Water is the lifeblood of the global economy. And with 19% of water withdrawals coming from industry, and a further 70% from agricultural supply chains, companies have a massive role to play in meeting our global water goal - SDG6. There is also a clear economic imperative for action: in 2018 water-related financial losses reached US$36 billion.
(Companies' reported water withdrawals compared to 2017 at 'at risk' facilities)
As shown above, an unprecedented number of companies reported water facilities 'at risk' through CDP. However, this growing awareness of water risks is not yet correlating to companies lowering their water withdrawals in these hot spot areas.
This year, CDP analyzed a group of 296 companies who have been consistently responding to us over the last four years. Of this group, 75% now report water risk exposure, compared to 70% in 2015. The majority of risk reported are physical (76%), relating to water scarcity and declining water quality. Yet, despite almost a doubling of the number of companies setting targets to reduce water withdrawals over the four years, there has also been an almost 50% rise in the number of corporates reporting higher water withdrawals. This worrying trend holds true both for company wide withdrawals but also for those at sites facing substantial risks.
The rise in withdrawals is most pronounced in the food, beverage & agriculture, manufacturing and mineral extraction sectors, as well as in Asia and Latin America.
In 2018, 650 institutional investors invited some 1,536 of the world's largest publicly listed companies to disclose their water-related information through CDP. 783 responded. The companies are demonstrating some progress towards key aspects of better water management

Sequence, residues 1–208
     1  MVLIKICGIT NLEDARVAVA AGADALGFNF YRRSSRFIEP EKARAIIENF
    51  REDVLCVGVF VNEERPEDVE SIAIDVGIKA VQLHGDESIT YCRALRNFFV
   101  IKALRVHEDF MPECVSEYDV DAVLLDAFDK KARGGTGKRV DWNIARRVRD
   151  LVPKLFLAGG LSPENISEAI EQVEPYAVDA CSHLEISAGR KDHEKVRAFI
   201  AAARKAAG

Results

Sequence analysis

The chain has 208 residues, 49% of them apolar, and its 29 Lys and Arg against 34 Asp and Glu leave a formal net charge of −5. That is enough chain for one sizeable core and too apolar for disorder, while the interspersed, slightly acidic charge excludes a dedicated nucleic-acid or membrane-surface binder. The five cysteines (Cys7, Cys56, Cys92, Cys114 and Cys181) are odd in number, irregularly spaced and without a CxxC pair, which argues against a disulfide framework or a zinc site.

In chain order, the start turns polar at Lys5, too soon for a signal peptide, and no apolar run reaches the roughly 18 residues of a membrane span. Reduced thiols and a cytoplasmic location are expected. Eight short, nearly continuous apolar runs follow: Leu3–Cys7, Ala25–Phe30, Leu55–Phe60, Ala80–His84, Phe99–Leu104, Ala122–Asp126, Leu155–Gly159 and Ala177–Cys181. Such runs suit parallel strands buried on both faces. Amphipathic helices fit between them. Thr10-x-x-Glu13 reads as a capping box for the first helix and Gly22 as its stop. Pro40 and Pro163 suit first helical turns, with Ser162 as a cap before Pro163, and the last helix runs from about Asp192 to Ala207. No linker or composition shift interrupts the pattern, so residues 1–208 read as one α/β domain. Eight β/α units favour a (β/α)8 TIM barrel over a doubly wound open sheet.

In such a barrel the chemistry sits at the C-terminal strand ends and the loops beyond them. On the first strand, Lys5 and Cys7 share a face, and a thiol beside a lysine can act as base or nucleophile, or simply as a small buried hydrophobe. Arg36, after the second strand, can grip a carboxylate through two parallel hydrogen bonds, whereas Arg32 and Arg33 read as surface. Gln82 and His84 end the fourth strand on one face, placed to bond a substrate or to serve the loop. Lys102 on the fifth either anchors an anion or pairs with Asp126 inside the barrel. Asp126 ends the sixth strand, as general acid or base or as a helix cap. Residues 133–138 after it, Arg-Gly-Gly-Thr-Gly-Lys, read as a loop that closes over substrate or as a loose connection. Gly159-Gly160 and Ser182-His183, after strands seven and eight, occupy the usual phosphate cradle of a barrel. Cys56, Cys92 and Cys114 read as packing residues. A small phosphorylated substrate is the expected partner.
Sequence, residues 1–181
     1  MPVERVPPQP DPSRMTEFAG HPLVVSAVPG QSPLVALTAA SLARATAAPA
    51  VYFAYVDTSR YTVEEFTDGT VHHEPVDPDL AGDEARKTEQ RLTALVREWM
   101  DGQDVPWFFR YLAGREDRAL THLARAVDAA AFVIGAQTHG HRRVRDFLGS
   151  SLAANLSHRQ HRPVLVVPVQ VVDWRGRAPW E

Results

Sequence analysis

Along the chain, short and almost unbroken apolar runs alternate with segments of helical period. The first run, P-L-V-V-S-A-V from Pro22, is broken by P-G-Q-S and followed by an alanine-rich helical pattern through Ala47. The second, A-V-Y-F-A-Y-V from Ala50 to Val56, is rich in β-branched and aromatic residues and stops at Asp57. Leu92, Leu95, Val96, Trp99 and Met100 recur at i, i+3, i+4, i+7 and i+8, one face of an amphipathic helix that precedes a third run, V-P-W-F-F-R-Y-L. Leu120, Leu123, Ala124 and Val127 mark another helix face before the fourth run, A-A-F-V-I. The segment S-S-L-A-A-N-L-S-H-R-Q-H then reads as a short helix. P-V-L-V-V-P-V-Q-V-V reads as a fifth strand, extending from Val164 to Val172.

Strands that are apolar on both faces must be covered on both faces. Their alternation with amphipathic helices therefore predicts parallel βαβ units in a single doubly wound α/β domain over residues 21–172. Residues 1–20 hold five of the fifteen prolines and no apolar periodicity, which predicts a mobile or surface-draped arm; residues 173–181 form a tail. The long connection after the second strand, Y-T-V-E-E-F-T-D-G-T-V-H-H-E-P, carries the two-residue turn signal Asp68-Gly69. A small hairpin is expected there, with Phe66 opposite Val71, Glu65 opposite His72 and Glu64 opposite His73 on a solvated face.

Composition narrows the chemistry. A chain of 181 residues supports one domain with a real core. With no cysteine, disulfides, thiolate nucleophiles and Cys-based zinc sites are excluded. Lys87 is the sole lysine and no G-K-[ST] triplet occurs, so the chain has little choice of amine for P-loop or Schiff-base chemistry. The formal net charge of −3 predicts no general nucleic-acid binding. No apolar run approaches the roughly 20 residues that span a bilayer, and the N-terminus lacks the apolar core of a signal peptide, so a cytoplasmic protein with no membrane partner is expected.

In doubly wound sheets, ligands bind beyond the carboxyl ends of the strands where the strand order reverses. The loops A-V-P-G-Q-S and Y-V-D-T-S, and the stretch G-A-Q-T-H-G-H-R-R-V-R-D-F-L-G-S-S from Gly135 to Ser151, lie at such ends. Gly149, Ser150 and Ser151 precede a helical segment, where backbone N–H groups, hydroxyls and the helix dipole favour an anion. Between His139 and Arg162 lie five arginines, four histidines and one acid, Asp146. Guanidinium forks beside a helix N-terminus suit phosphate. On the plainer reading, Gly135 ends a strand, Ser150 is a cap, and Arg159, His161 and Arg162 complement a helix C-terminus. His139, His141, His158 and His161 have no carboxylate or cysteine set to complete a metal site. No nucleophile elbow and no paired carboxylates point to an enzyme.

But this action is not enough. CDP is raising the bar on corporate leadership - demanding even more from companies to make it onto the CDP Water A List - and last year just 31 companies met the challenge. Those companies leading the way included global drinks company Diageo, French beauty giant L'Oréal and Brazilian petrochemical company Braskem. The vast majority of companies (752) still have a way to go.
Delivering a water secure future not only means better water management, but, importantly, better business management. Companies must not only show that they are regularly monitoring and managing water, undertaking comprehensive risk assessments, and assessing how water issues could impact financial performance. To deliver real change companies also need a genuine, strategic response to water risks.
One such action is offering board incentives to better manage water issues. But this is an area where companies continue to under perform. Of the 283 high-impact companies (food, beverage and tobacco, metals and mining, oil and gas, electric utilities and chemicals sectors) responding to CDP in 2018, just 31% currently have incentives in place to reduce water withdrawals, and just 15% have incentives tied to the avoidance of pollution.
Delivering SDG 6 is possible. But to succeed, companies must step up and embed the reality, risks and opportunities of a water secure future into their business, financial and policy decision making.